Skyrocketing oil and natural gas prices in the second quarter of this year led ExxonMobil to report the highest profit ever by an American company. In spite of falling production and rising operating costs, Exxon brought in a 138 billion dollars in revenue and reported an astounding net income of 11.7 billion dollars.
I've spent several hours listening to experts on various business shows on television trying to explain why oil prices keep rising and the relationship between a depreciated dollar and oil prices, Peak Oil, and so on. I'm not an oil expert but why is it that whenever the U.S. rattles the saber towards Iran, oil prices jump a notch or two? And who is profiting from all of this?
Meanwhile, ExxonMobil and its stakeholders are not the only ones profiting from this petro-bonanza. Oil producing countries in the Middle East are swimming with cash and they're spending most of it on construction.
At a time when U.S. banks and financial institutions are in the midst of the worst housing market in the U.S. since the Great Depression, financial institutions in the Middle East are prospering due to ongoing construction frenzy. This boom is most obvious in Dubai, in the United Arab Emirates, but it is also visible in most of the Arabian Gulf states such as Abu Dhabi, Bahrain, Kuwait, Qatar, and Saudi Arabia. According to a construction expert, "more than 1/3 of the cranes in the world are located in that region."
Despite this petro-bonanza, many construction companies in the Arabian Gulf are exploiting foreign laborers, mostly from South Asian countries such as India, Pakistan and Bangladesh. To keep up with this construction boom, foreign workers report exploitative working conditions, such as forced confinement, nonpayment of wages, denial of food, and excessive working hours with no rest days.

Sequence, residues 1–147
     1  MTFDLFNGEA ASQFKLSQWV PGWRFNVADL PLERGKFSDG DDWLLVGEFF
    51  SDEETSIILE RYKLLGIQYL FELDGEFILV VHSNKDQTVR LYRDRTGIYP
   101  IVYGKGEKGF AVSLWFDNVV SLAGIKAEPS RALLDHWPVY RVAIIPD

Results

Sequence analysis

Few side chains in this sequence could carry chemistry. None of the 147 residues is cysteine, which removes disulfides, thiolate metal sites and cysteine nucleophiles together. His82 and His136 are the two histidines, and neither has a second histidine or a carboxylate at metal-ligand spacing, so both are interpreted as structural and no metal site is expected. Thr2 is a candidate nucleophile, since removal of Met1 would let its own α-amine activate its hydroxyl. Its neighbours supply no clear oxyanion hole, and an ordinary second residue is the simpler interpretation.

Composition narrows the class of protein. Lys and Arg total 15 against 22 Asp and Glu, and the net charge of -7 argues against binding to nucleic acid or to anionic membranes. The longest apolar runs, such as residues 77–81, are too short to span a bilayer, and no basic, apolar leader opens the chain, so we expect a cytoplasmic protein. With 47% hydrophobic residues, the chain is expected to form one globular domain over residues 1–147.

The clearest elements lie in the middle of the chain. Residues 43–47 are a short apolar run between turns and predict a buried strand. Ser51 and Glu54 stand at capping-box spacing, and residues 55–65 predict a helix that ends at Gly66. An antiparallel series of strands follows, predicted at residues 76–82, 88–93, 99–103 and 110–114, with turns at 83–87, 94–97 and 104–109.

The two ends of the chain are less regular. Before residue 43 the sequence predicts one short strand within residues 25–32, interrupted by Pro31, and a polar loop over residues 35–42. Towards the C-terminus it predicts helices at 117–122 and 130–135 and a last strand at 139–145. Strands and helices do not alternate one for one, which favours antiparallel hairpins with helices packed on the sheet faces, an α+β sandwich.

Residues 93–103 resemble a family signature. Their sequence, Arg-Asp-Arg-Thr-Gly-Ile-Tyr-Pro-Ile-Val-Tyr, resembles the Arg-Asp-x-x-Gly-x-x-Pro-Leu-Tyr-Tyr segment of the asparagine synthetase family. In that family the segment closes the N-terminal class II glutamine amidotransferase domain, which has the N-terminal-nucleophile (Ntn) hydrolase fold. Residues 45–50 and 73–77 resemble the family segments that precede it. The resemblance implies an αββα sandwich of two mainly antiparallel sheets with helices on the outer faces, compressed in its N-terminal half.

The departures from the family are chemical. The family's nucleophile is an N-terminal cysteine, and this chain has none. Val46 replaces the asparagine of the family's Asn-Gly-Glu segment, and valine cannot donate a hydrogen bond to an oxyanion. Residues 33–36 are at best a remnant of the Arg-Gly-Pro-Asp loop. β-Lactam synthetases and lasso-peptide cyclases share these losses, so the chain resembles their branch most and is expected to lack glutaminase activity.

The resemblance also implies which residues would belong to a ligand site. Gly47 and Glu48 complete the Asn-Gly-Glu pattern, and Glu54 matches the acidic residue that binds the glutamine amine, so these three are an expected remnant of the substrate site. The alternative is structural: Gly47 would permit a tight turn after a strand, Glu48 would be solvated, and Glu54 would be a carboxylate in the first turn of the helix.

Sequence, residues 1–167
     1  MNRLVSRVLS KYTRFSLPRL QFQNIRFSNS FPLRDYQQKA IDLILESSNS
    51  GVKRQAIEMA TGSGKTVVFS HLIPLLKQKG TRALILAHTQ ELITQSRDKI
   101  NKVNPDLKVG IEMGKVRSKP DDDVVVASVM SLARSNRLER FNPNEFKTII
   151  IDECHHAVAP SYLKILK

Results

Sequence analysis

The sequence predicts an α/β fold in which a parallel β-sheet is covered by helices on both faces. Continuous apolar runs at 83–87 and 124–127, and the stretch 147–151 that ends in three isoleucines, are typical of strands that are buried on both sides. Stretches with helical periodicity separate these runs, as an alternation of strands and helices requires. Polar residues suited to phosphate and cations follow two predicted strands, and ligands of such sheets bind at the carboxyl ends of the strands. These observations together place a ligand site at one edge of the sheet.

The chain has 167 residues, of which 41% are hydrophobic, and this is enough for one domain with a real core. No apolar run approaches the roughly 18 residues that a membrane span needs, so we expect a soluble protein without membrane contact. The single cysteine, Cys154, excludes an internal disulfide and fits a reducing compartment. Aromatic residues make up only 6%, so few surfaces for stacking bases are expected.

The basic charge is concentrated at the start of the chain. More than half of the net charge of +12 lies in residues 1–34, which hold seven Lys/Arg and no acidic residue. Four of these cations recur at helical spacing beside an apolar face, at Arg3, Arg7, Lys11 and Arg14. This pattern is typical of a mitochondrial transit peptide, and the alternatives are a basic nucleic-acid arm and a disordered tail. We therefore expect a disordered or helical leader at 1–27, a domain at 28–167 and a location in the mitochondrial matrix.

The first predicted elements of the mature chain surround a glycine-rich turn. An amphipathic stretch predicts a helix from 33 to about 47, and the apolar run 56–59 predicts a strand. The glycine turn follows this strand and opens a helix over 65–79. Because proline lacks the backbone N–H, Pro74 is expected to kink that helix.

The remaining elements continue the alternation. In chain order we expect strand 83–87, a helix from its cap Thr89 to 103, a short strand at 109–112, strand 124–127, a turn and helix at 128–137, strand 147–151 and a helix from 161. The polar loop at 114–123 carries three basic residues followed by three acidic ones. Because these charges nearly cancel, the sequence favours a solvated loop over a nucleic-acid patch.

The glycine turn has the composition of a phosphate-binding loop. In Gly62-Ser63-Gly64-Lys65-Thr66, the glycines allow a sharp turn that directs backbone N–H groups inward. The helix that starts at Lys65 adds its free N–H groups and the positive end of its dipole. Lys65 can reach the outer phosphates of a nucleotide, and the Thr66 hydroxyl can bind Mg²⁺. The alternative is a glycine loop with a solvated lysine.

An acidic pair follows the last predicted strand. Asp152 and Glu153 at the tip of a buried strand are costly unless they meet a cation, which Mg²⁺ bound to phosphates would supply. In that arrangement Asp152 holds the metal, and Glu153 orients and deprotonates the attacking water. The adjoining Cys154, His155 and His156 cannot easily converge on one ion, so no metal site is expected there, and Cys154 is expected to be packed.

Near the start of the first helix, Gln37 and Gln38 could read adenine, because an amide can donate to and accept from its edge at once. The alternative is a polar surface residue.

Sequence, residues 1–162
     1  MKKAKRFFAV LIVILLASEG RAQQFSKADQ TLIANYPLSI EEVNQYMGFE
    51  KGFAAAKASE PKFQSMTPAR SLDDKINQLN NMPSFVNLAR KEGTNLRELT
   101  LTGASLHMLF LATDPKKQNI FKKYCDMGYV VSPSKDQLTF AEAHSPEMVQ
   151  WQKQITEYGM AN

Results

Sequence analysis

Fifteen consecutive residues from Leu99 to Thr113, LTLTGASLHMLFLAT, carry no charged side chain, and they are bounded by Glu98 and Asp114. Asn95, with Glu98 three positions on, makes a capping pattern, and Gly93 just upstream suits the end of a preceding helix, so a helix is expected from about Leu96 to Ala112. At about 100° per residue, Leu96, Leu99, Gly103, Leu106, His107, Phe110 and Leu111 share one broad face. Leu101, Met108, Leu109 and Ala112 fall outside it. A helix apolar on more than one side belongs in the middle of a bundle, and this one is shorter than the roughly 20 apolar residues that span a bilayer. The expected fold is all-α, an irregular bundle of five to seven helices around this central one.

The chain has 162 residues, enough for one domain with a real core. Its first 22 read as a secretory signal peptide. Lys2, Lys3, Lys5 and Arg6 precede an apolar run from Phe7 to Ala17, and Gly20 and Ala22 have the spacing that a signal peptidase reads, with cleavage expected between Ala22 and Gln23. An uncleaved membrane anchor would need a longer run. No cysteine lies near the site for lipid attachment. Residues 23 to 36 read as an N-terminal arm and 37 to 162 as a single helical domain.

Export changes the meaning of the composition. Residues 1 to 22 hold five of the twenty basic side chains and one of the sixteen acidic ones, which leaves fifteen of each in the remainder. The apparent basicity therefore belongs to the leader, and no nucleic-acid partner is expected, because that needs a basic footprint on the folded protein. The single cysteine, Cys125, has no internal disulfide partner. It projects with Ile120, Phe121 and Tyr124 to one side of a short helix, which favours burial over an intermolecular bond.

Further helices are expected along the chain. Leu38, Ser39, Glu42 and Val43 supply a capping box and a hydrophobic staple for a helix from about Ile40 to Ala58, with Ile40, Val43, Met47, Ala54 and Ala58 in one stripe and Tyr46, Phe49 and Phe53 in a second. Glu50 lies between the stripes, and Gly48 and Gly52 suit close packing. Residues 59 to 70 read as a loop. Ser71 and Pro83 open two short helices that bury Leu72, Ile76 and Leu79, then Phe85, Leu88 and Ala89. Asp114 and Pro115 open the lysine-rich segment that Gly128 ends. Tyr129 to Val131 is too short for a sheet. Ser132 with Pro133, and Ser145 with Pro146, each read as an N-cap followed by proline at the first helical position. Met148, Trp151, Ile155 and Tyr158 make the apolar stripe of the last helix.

Over the past few days, more than 1,000 Bangladeshis have been deported from Kuwait, and hundreds more face a similar fate due to a recent strike staged by Asian foreign workers in Kuwait to demand better pay and working conditions.
The strike in this major oil exporting Gulf Arab state, and a major U.S. ally I must add, came against a backdrop of soaring inflation and high prices. Workers have been complaining that they couldn't survive on their salaries once labor agents took their cut or unscrupulous employers deducted housing, medical and meal costs. Some Bangladeshis returning to their countries last week said they had been beaten and kept in appalling conditions after being accused of taking part in the protests.
As a side note, I read in the British press that a rich Qatari sent his Lamborghini on a 6,500-mile round trip to Britain for a service. The $ 400,000 supercar was put on a scheduled flight from Qatar to Heathrow - then flown back after the oil check.
This made me one wonder if we're just going through a phase...the era of the "haves," and the "have-nots" of oil.